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200 Pesos 2016, Argentina

no number in katalog -
Years of issue: 26.10.2016
Signatures: Presidente del Banco Central de la República Argentina: Federico Sturzenegger, Presidente H.C. Diputados: Emilio Monzó
Serie: Argentina’s Fauna
Specimen of: 2016
Material: Cotton fiber
Size (mm): 155 х 65
Printer: Casa de Moneda de la Nación, Buenos Aires

* All pictures marked magnify are increased partially by magnifying glass, the remaining open in full size by clicking on the image.

** The word "Specimen" is present only on some of electronic pictures, in accordance with banknote images publication rules of appropriate banks.

200 Pesos 2016




Southern right whale and electrotype 200.

About the Southern right whale, please read the description of the obverse.


200 Pesos 2016

Eubalaena australis Eubalaena australis

In the foreground of the banknote is the Southern right whale, jumping out of the water.

Also, on top, on the banknote are tails of the Southern right whales and its profile.

The southern right whale (Eubalaena australis) is a baleen whale, one of three species classified as right whales belonging to the genus Eubalaena.

Approximately 10,000 southern right whales are spread throughout the southern part of the Southern Hemisphere.

Right whales were first classified in the genus Balaena in 1758 by Carl Linnaeus, who at the time considered all right whales (including the bowhead) to be a single species. Through the 1800s and 1900s, in fact, the family Balaenidae has been the subject of great taxonometric debate. Authorities have repeatedly recategorized the three populations of right whale plus the bowhead whale, as one, two, three or four species, either in a single genus or in two separate genera. In the early whaling days, they were all thought to be a single species, Balaena mysticetus.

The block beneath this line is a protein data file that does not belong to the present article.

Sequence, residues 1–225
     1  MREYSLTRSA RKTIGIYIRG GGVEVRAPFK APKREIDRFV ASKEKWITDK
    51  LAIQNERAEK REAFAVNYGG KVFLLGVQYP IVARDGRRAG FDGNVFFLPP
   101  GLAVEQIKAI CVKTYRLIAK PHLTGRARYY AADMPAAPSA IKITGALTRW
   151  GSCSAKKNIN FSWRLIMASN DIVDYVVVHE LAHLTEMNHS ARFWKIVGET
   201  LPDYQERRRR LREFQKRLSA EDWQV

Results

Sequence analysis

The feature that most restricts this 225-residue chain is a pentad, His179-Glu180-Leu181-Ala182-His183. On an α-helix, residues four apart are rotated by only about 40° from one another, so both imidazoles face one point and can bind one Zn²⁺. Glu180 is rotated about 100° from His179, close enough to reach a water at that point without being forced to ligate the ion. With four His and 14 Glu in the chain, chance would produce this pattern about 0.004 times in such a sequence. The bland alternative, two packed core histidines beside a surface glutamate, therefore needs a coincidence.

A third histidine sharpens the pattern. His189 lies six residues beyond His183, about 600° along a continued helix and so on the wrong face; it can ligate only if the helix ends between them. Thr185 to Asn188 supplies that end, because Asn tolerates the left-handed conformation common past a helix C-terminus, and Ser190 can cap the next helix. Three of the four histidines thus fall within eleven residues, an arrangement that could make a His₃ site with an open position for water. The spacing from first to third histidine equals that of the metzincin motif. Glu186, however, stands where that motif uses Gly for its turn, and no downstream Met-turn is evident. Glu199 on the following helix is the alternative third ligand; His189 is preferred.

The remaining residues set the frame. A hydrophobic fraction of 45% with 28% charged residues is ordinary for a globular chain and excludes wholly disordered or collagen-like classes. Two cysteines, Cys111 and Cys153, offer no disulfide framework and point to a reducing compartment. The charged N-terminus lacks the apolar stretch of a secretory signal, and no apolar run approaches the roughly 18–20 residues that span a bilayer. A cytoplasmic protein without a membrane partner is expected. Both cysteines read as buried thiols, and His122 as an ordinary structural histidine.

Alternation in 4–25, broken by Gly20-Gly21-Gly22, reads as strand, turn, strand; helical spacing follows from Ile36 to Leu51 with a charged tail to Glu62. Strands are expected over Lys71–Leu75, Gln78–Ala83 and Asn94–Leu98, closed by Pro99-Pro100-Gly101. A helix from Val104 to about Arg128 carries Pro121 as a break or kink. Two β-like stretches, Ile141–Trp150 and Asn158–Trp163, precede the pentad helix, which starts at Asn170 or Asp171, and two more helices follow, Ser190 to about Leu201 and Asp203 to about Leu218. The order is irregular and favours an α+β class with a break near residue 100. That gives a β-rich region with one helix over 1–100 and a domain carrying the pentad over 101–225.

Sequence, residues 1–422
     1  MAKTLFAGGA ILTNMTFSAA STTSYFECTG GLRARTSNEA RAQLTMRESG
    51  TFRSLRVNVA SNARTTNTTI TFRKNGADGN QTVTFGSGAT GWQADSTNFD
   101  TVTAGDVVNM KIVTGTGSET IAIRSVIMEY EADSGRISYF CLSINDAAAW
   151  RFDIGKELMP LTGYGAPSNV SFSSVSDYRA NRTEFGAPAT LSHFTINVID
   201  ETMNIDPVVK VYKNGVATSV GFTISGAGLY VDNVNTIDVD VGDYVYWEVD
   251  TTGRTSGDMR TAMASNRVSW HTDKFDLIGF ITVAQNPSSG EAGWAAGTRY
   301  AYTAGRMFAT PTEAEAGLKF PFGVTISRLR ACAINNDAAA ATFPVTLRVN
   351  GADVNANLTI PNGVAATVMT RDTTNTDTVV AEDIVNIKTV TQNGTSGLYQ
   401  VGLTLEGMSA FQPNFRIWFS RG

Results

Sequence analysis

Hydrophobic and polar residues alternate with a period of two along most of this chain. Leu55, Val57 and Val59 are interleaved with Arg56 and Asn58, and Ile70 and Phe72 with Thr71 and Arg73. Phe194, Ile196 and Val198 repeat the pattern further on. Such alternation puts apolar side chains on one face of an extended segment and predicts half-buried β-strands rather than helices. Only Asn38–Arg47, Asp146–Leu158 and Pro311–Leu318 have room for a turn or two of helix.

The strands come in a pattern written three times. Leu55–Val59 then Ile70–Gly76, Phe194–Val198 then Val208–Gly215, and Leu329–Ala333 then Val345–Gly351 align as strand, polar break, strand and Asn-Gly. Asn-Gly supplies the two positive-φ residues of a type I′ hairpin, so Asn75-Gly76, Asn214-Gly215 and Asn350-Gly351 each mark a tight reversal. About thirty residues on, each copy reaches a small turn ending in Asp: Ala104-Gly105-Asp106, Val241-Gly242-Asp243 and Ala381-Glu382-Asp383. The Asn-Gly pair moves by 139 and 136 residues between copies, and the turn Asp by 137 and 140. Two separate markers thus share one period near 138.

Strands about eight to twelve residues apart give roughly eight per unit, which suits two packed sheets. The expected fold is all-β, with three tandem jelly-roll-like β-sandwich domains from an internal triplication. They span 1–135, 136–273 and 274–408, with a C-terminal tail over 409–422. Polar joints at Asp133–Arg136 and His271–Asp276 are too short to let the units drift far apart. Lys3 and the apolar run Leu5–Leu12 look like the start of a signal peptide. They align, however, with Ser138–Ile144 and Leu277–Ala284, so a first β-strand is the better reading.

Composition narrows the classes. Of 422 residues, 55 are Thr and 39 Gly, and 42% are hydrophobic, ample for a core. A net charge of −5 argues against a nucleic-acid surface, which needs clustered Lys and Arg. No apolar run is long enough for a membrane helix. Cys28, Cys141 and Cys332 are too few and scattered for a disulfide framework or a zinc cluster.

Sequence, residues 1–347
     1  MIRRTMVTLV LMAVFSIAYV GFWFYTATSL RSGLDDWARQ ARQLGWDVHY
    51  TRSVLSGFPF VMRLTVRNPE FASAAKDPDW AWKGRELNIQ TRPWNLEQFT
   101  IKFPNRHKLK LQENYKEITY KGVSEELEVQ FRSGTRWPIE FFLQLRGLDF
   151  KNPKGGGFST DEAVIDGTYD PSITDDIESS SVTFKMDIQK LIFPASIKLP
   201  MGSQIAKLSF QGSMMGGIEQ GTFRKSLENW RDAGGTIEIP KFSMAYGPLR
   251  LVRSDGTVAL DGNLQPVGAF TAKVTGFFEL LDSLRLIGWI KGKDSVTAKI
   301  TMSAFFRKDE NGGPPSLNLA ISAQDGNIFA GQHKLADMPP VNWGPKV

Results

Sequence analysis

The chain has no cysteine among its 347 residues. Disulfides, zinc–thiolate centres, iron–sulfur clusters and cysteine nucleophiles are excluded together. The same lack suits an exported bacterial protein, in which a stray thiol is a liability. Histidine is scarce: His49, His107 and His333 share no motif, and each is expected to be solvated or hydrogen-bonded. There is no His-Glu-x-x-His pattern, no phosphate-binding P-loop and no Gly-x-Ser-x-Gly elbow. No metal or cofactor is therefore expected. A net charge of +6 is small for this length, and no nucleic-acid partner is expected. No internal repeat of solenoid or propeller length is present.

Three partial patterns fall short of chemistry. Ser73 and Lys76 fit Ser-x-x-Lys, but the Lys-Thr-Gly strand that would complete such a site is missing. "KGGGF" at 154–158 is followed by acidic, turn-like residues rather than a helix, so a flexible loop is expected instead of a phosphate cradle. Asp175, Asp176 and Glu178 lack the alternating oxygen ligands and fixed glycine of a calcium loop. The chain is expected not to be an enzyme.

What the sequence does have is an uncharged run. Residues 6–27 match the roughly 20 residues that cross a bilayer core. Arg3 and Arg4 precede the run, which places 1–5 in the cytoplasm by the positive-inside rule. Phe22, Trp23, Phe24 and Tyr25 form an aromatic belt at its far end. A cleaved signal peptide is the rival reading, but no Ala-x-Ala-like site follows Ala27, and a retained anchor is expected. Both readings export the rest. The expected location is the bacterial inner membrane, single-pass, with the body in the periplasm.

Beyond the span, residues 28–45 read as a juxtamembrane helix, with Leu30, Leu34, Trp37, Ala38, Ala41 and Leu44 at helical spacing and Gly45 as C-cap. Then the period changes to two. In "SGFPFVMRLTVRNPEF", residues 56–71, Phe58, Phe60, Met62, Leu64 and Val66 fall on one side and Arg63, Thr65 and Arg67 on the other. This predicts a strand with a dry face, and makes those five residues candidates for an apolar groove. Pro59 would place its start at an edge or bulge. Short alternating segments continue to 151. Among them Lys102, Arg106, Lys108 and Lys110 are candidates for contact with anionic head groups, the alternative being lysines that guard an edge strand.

The southern right whale was initially described as Balaena australis by Desmoulins in 1822. Eventually, it was recognized that bowheads and right whales were in fact different, and John Edward Gray proposed the genus Eubalaena for the right whale in 1864. Later, morphological factors such as differences in the skull shape of northern and southern right whales indicated at least two species of right whale—one in the Northern Hemisphere, the other in the Southern Ocean. As recently as 1998, Rice, in his comprehensive and otherwise authoritative classification, Marine mammals of the world: systematics and distribution, listed just two species: Balaena glacialis (all of the right whales) and Balaena mysticetus (the bowheads).

Good opportunities for observation are found near the peninsula of Valdez, in Argentina. Between June and December whales can be seen from the shore or, even better, from a boat. Southern whales with cubs in large numbers approach boats. Often you can see the whales jumping out of the water.

Eubalaena australis